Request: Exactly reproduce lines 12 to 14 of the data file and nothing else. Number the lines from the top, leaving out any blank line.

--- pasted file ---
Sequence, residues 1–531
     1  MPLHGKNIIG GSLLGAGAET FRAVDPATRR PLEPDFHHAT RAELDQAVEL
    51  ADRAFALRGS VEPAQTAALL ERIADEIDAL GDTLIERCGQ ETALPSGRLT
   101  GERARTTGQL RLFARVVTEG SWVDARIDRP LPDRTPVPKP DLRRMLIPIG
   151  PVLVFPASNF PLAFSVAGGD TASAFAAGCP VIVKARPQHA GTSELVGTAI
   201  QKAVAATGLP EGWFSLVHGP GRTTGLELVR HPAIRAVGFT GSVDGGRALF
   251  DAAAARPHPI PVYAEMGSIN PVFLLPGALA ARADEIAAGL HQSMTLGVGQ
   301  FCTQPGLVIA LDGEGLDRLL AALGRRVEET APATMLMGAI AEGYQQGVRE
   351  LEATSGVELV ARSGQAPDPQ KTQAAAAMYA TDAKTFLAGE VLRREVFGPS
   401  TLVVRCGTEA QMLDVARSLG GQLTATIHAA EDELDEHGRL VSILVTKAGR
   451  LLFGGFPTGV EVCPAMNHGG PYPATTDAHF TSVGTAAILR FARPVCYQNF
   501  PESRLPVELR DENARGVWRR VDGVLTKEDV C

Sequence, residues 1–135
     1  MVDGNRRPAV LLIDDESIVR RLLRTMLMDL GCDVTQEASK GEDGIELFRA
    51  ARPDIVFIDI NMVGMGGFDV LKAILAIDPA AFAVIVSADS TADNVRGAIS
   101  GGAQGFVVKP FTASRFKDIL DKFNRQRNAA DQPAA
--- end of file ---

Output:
   501  PESRLPVELR DENARGVWRR VDGVLTKEDV C

Sequence, residues 1–135
     1  MVDGNRRPAV LLIDDESIVR RLLRTMLMDL GCDVTQEASK GEDGIELFRA